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Market Insight: Counting on buyer demand

On top: The Vauxhall Corsa (left) was the top-selling model in the UK last month with 4528 sales, but for the year to date remains some distance – about 3500 units – behind the Ford Fiesta (below).

UK shows pent-up demand reviving COVID-hit market but future still highly uncertain


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18 Aug 2020

AS MELBURNIANS in lockdown know only too well, the insidious nature of COVID-19 can quickly undermine positions of relative strength in fighting the pandemic and, for the automotive industry, thwart early signs of recovery.


This road is longer and rockier than many had anticipated, not only in Australia but virtually every major market with the exception of China, and there is simply too much uncertainty in both health and economic terms to pinpoint the destination, let alone an estimated time of arrival.


But what gives many in the industry some cause for optimism is the fact that buyer demand remains strong under even the most difficult of circumstances, as seen in various markets but perhaps most strikingly in the United Kingdom last month.


There is plenty of bad press coming out of Britain, including financial results that show it has suffered the deepest recession among the world’s top economies this year with GDP slumping by a record 20 per cent in the April-to-June quarter as the nation was in lockdown and ‘non-essential’ retail outlets remained closed until at least June 15.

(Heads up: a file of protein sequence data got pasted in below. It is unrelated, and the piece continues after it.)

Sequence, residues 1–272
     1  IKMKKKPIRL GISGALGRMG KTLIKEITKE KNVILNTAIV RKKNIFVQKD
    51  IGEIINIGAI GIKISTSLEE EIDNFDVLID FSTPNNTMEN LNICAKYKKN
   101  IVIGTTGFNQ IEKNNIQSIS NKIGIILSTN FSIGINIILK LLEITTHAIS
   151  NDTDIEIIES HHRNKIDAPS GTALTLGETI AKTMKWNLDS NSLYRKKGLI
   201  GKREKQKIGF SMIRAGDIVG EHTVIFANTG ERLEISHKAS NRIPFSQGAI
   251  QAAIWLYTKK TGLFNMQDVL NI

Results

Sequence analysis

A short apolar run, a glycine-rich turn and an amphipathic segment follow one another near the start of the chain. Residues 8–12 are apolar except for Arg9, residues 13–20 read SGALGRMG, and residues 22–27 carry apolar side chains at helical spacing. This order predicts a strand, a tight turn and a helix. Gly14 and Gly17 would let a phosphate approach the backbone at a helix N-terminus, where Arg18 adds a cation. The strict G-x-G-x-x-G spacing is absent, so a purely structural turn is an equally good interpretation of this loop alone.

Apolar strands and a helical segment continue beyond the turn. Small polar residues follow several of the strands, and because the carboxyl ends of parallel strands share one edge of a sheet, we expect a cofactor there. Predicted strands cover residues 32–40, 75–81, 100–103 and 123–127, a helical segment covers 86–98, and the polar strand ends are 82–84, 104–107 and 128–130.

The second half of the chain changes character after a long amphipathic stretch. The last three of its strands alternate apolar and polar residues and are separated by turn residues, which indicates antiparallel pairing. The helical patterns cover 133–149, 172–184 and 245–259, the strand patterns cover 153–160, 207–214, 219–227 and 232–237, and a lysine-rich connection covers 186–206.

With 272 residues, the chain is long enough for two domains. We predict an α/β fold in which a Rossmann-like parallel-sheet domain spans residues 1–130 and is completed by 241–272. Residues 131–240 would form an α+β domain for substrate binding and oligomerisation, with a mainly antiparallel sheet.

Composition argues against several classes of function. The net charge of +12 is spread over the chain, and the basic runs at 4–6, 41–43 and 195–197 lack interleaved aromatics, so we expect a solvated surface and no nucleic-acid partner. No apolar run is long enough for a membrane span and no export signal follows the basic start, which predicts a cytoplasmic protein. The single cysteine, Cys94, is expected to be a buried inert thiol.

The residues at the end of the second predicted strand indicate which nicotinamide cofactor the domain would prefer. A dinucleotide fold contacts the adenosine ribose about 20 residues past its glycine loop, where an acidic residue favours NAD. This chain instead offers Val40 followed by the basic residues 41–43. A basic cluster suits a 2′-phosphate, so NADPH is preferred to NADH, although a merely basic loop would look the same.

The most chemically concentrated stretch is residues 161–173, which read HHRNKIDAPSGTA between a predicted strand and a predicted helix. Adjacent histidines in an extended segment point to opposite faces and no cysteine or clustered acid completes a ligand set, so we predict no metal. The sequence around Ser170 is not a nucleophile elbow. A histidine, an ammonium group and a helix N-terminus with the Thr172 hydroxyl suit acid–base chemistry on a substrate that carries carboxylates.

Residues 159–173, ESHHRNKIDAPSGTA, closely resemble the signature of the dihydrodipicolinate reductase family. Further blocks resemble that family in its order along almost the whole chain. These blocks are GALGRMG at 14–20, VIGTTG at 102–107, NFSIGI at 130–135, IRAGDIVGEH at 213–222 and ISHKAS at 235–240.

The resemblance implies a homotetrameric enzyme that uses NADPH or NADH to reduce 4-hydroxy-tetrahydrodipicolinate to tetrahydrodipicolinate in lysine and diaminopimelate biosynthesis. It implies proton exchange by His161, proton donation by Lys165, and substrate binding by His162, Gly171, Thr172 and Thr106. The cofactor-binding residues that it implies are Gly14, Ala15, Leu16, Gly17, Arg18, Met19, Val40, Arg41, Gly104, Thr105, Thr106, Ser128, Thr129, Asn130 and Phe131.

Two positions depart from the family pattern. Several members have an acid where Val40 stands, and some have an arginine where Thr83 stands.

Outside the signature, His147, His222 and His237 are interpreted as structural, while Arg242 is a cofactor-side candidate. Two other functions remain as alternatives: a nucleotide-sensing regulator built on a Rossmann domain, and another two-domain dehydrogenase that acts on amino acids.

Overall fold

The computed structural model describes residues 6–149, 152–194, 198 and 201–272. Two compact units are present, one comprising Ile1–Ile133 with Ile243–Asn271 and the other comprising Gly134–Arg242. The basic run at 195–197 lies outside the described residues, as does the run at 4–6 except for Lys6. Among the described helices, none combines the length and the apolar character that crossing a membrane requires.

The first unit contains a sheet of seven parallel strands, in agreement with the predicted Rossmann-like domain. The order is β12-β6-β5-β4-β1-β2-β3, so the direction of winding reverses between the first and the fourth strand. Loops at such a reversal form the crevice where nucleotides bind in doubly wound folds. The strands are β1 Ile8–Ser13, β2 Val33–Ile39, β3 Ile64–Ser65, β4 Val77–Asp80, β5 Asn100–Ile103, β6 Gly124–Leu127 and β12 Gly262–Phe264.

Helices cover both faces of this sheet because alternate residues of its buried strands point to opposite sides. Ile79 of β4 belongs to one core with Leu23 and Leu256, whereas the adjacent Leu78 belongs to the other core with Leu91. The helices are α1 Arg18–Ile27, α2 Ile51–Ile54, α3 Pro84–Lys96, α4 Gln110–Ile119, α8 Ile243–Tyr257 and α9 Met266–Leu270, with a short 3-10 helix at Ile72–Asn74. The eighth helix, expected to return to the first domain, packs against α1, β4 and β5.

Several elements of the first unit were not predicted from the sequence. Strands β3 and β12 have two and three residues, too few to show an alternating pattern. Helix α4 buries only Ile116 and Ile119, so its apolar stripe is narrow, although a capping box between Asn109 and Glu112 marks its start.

That meant July would be a telling month for many sectors, including automotive which found that as restrictions eased and dealerships had their first full month of trading since February, consumers were ready to buy.


According to the UK Society of Motor Manufacturers and Traders (SMMT), pent-up demand and solid offers in the marketplace from car companies in desperate need of showroom traffic were behind a rallying 11.3 per cent increase in new-car registrations last month, to 174,887 units – the best July result since 2016.


The light-commercial vehicle segment also saw its first month of year-on-year growth since January, posting a 7.1 per cent increase with 27,701 new vans and utes joining Britain’s roads.


Tempering the significant improvements, particularly in the passenger car sector (which includes SUVs), are caveats such as declining business and consumer confidence undermining the market in July last year.


And while pent-up demand is a positive indicator, a sustained revival across several months will be the true test of the industry’s recovery – in the UK and everywhere else, including Australia.


“July’s figures are positive, with a boost from demand pent up from earlier in the year and some attractive offers meaning there are some very good deals to be had,” said SMMT chief executive Mike Hawes.


“We must be cautious, however, as showrooms have only just fully reopened nationwide and there is still much uncertainty about the future.


“By the end of September we should have a clearer picture of whether or not this is a long-term trend. Although this month’s figures provide hope, the market remains fragile in the face of possible future spikes and localised lockdowns as well as, sadly, probable job losses across the economy.


“The next few weeks will be crucial in showing whether or not we are on the road to recovery.”